I hope I meet Byl Wringe again some day. Last heard, he was teaching Philosophy in Turkey.
When we were students together he had a moustache he fiddled with. We were Young Fogeys, at the end of Thatcher’s era. Byl said he couldn’t be a Christian because Christians denied Tragedy. But things do go wrong, he said. The centre doesn’t always hold. To deny that fact is to deny also the vulnerability of the world, which is its beauty, its lovability.
Believing in Tragedy is believing that irresistible forces meet immovable objects, that there are problems that can’t be solved. In the tragic world view, Economic Growth is pitted against Environmental Protection; Housing against the Countryside; Employment against Inflation; Human Rights against Human Responsibilities; Security against Peace.
Poster for Sophocles’ Electra, performed by students at Kings College London in 1989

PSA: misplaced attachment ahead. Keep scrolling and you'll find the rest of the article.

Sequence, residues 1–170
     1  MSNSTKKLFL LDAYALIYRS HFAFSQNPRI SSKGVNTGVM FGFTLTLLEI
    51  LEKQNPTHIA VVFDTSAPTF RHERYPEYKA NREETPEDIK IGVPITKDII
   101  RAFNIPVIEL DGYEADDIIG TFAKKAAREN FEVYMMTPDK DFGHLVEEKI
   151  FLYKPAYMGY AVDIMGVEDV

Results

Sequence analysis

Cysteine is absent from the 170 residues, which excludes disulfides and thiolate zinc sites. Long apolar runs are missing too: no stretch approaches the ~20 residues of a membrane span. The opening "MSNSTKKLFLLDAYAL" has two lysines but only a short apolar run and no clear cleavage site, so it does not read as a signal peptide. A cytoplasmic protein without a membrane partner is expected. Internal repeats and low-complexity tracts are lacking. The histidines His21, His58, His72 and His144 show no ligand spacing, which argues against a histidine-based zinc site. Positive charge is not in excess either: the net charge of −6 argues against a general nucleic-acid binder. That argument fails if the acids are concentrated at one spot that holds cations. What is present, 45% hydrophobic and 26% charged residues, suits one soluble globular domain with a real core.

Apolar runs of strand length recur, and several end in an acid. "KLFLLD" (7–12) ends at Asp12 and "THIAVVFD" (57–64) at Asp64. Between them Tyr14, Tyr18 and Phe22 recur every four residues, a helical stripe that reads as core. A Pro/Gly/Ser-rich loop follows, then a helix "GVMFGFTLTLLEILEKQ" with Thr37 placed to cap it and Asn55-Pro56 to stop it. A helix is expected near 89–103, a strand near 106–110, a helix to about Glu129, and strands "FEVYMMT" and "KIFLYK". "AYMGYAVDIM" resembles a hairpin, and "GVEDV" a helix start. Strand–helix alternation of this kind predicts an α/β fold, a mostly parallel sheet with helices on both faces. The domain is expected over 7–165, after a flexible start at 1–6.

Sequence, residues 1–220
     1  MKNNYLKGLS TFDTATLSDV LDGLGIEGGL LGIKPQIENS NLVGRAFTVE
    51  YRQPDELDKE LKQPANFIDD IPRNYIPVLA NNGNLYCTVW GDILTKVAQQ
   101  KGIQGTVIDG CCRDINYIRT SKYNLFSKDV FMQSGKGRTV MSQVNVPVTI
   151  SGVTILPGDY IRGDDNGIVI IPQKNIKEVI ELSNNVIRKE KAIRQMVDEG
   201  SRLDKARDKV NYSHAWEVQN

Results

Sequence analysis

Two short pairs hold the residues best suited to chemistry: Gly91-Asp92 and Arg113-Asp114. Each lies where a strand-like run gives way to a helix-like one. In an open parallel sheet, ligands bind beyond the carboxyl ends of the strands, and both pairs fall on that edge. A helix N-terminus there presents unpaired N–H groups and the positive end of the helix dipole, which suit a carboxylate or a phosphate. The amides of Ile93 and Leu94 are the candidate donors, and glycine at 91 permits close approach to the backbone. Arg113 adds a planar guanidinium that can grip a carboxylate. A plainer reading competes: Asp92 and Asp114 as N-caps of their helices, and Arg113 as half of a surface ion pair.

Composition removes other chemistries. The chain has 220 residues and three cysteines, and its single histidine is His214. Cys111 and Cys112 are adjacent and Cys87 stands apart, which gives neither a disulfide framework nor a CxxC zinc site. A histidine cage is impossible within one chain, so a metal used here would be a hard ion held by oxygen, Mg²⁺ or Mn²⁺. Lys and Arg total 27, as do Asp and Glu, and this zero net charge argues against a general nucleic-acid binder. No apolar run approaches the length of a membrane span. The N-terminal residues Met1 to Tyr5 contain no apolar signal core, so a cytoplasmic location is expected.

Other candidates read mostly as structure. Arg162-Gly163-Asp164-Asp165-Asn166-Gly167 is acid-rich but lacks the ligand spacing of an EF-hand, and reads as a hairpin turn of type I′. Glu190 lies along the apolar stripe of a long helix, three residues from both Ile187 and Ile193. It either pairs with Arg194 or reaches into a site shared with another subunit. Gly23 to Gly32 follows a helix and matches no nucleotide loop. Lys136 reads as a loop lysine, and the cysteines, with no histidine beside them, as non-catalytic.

That’s what the Ancient Greek Tragedies did. They took abstract nouns and hurled them at each other. Antigone can’t reconcile Respect for the Dead with Respect for Authority. Electra’s love for her Dad drives her to hate her Mum. Pentheus is torn between sensuality and dignity, in the end literally torn.
What’s the answer to these clashes of opposites?
‘Sacrifice!’ say the Right Wing. ‘One Good has to be sacrificed for another Good!’ (Oddly, it’s often someone else’s Good that has to be sacrificed.)
What happens when an irresistible force meets an immovable object?
Possibly a transformation of both?
What if transformation were possible? What if reconciliation were possible? What if there were solutions?
‘Love hopes all things.’
What if the tragic outlook missed a trick, turned out to be a little wooden, seeing the murdered tree of the cross, and not the dynamo that was forged?
Byl, are you out there?
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